Vauban Sessions 2022 

From Data to Decision: Technical, Operational and Human Challenges for C2

18th - 19th January 2022
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The 4th edition of the Vauban Sessions, hosted virtually on 18-19 January 2022 by the French Rapid Reaction Corps and Avisa Partners, brought together some 150 participants from 19 NATO Nations, of which some 40 flag officers (Lieutenant General to Colonel).

The debates, held under the Chatham House rule, were moderated by former NATO SACT General (rtd.) Jean-Paul Paloméros, and gathered leaders from armed forces, NATO and EU institutions.

Summary of debates

C2: a paradigm shift

New technologies have brought about a paradigm shift for Command & Control (C2). The consequences of this change impact all echelons of the chain of command and military culture. The advent of Big Data and AI offer unprecedented opportunities to strengthen our Forces' capabilities, but so too of our adversaries. As a result, it is key that allies remain proactive and integrate these technologies to  maintain supremacy. 

 

Indeed, new technologies herald both immense opportunities and risks. The challenge for military forces today is to maintain their technological edge while remaining one step ahead of their adversaries. The future of Command & Control and its operational environment will be marked by a rapidly evolving landscape which could quickly outpace countries’ current military capabilities. Those who can collect the most relevant data, process and analyse it fastest, and disseminate it rapidly and securely will have the upper hand.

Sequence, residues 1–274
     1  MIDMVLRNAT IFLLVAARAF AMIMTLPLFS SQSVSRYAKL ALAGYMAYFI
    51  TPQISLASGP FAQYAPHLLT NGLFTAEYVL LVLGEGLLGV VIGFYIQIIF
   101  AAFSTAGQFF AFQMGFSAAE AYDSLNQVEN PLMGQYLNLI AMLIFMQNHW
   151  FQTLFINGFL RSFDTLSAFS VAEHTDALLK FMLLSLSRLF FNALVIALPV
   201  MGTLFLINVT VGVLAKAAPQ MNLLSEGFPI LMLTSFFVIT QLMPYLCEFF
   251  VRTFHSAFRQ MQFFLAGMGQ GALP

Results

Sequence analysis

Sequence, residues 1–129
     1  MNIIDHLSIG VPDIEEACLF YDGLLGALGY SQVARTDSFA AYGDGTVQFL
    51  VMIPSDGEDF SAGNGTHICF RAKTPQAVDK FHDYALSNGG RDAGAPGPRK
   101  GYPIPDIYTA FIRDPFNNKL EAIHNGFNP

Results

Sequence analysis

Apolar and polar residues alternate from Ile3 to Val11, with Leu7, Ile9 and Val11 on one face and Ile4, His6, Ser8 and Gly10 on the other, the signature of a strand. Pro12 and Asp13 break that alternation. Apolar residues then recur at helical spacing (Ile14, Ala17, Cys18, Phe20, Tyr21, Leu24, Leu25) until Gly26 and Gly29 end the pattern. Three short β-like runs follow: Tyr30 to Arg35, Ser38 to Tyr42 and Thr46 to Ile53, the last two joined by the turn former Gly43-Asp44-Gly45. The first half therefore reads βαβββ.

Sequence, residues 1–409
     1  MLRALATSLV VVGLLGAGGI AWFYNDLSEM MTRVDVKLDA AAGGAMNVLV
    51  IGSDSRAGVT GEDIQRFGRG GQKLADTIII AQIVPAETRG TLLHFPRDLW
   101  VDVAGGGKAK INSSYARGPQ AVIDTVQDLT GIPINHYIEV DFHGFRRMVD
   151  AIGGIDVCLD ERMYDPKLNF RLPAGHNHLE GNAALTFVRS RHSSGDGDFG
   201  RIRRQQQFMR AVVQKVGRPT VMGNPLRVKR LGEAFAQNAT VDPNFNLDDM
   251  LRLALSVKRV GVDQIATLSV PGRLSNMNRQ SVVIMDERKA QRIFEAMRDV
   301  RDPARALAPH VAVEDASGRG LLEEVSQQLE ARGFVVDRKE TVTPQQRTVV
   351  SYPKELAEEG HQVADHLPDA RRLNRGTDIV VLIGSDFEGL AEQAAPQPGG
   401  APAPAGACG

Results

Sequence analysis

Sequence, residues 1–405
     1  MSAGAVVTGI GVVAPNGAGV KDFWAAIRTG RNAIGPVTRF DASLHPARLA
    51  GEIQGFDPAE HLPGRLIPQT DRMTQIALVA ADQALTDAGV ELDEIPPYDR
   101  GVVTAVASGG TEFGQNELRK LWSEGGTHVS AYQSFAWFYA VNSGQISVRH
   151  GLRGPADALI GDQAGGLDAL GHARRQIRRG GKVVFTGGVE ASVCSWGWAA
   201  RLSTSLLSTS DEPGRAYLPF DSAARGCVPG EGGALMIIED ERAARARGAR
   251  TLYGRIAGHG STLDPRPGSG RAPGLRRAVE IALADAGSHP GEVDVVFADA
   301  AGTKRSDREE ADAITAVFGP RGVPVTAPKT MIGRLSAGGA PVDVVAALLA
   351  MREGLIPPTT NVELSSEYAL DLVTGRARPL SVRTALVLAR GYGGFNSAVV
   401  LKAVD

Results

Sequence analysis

To support future political-military decision-making and deliver timely effects, the design of a future C2 must ensure that it is agile, secure, resilient and most importantly, interoperable. To this end, Decision Support Systems (DSS) will be essential to maintaining superiority on the battlefield by providing commanders with up to date situational awareness for faster decision-making. DSS offer real-time understanding of the situation, of available resources, and of options to employ them.